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Contact Lenses

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Biotrue Contacts

Aaseby Optometry in El Dorado Hills offers many options for contact lenses.

There are a number of reasons why you might prefer contact lenses to standard eyewear: a glasses-free look, hassle-free vision correction, wearing non-prescription sunwear and goggles, or the convenience of not having to worry about misplacing your glasses. If you have a high prescription or astigmatism, contact lenses may provide more enhanced vision correction than glasses. Today, you can even replace your bifocal glasses with bifocal contact lenses.

Doug Aaseby, O.D. can recommend the best contact lenses for you based on a complete eye examination and a review of your visual needs both at work and play. Since most people can wear more than one type of lens, it’s important to know what the choices are and the advantages and disadvantages to each.

Soft Lenses

These lenses are comfortable to wear and must be replaced monthly, weekly or daily depending on the type you choose. Soft lenses are often recommended for sports because they fit closer to the eye and are more difficult to dislodge. They can provide correction for most prescriptions including astigmatism. Today, with the introduction of newer materials like silicone hydrogels, which allow more oxygen to the eye, patients find it easier than ever to wear soft lenses comfortably.

Gas-Permeable (GP) Lenses

Made of moderately flexible plastics, GP lenses offer sharp vision and correct most vision problems. They are more durable than soft contact lenses and can be easier to handle and care for but require a longer adaptation period and consistent wear to maintain adaptation.

Multifocal Lenses

In both soft and GP designs, multifocal lenses offer patients both distance and near vision correction just like a pair of bifocal glasses.

Color Contact Lenses

Enhance your eye color or even change it completely. Colored contact lenses are fun and come in a variety of colors for both light and dark eyes.

Silicone Hydrogels

Silicone hydrogels are soft contact lenses that have high oxygen permeability and are comparable to GP lenses.

Ortho-K

One of the most exciting areas of research in Orthokeratology has to do with the control of myopic progression. At the present time it appears very likely that Ortho-K can practically stop the progression of myopia in the young adults and children.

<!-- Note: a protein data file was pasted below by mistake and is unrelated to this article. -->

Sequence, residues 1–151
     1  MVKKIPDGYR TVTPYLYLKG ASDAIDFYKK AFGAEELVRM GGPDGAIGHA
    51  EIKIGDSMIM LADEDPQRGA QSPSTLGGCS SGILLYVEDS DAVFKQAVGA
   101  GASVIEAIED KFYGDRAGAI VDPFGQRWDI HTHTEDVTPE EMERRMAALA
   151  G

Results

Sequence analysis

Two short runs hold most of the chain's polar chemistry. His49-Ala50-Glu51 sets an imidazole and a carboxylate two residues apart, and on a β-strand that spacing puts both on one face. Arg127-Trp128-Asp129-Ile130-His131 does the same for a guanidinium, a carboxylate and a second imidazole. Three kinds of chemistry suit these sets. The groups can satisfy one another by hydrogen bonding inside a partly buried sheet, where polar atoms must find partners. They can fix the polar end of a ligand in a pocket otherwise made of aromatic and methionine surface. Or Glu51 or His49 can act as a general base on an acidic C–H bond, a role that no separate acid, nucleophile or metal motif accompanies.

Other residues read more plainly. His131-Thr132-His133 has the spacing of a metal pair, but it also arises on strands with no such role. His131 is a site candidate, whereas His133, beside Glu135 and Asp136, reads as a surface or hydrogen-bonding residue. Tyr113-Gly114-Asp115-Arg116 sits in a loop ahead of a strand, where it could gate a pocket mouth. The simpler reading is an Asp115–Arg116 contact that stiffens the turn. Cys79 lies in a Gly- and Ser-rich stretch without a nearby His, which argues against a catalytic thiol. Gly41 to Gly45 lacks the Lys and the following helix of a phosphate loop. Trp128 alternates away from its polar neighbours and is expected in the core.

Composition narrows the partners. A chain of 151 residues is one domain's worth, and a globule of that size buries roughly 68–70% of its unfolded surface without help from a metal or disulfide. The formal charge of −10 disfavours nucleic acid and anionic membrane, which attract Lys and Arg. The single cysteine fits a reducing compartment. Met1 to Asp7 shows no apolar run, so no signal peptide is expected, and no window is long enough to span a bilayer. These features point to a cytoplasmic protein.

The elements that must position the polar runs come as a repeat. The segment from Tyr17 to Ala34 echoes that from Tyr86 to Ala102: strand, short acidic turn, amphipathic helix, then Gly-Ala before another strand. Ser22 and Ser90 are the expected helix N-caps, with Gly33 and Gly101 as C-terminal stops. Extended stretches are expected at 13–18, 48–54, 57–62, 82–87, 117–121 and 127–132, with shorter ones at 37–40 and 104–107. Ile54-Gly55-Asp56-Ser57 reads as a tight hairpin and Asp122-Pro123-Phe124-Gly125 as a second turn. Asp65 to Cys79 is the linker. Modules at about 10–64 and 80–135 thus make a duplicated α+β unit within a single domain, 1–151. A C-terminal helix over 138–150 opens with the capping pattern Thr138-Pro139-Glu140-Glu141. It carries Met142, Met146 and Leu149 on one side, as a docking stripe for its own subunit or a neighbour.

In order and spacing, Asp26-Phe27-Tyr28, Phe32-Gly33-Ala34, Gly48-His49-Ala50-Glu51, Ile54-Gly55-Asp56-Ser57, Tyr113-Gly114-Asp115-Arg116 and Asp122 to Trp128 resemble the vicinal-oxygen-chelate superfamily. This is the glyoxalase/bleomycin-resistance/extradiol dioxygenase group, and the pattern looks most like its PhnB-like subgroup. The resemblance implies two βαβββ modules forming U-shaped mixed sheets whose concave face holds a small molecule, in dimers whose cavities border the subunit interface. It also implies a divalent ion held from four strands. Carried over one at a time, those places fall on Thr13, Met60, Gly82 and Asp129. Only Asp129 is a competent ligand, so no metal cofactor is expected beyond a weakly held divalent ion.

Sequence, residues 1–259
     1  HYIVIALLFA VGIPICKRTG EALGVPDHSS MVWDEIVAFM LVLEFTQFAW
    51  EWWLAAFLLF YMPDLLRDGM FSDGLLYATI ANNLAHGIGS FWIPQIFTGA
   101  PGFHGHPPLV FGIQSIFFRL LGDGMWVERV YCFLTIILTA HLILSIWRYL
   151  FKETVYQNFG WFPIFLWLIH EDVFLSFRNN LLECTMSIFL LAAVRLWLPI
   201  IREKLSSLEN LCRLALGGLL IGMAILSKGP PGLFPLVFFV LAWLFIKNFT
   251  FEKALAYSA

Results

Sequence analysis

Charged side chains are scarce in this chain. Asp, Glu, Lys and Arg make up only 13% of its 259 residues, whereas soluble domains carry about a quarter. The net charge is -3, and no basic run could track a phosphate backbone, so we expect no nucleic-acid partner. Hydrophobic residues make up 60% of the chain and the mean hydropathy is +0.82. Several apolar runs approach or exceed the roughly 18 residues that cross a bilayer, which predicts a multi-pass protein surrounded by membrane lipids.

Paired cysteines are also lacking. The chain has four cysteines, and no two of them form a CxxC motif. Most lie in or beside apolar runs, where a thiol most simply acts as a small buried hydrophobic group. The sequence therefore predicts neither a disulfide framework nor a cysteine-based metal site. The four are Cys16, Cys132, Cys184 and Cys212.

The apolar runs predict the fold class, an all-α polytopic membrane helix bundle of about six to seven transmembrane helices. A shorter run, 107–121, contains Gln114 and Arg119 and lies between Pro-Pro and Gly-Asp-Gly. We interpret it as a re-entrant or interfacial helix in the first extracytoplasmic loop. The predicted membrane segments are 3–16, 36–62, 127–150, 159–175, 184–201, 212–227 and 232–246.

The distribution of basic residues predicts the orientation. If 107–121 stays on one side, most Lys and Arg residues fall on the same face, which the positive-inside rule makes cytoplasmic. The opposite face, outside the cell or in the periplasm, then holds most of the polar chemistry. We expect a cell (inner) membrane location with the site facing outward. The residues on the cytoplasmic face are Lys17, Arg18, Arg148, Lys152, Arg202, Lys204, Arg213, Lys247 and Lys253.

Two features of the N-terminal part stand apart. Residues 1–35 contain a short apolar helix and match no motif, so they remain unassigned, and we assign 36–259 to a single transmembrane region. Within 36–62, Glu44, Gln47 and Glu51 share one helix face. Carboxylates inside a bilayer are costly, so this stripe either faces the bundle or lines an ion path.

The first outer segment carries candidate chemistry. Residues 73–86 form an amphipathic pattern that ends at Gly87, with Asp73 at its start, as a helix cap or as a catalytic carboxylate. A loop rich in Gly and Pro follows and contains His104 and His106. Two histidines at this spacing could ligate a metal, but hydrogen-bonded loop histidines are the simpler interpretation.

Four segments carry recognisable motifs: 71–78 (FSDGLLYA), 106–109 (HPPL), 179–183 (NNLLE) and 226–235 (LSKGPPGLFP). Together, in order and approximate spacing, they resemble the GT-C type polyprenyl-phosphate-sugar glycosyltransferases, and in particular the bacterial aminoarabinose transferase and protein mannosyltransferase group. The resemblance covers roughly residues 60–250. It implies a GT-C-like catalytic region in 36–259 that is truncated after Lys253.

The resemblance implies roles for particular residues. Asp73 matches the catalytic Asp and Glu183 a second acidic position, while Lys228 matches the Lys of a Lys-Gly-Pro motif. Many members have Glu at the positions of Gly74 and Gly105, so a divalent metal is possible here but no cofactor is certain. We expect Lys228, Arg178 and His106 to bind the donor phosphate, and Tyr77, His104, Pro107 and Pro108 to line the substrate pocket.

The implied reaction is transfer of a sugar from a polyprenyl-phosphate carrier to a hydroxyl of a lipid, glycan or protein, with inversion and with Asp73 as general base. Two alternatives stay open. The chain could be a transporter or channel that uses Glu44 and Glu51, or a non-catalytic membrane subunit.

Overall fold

Ortho-K is a non-surgical process which reshapes (flattens) the cornea of the eye using contact lenses to reduce refractive errors (nearsightedness and astigmatism). Accelerated Ortho-K uses reverse geometry contact lenses. Flattening the cornea reduces the focusing power of the eye. Since the amount of corneal flattening can be accurately controlled, it is possible to bring the eye into correct focus and compensate for the refractive error. After the contact lens is removed, the cornea retains its flattened shape for part or all of the remainder of the day. A retainer lens must be used each day to maintain the corneal flattening, or the myopia will revert to the pre-treatment level. Ortho-K is also successful for some degrees of farsightness by steepening the central cornea.

The procedure was first used over 40 years ago when eye doctors noticed that some contact lens wearers’ vision improved after wearing their lenses. It has been reported in Chinese history that sand bags were placed on the eyes at night in an effort to prevent myopia though this was more likely to cause glaucoma. Initially, only old-fashioned, hard contact lens material (PMMA) was used. A series of lenses were needed, each lens flattening the cornea a small amount until the desired results were attained. This took months to years to accomplish.

How Wave Lenses Are Designed for Your Eye

Regardless of the type of contact lenses you wear, an annual eye exam is recommended to ensure the continued good health of your eyes. Schedule an appointment for an assessment and advice at Aaseby Optometry in El Dorado Hills, and we will be in touch with you shortly.

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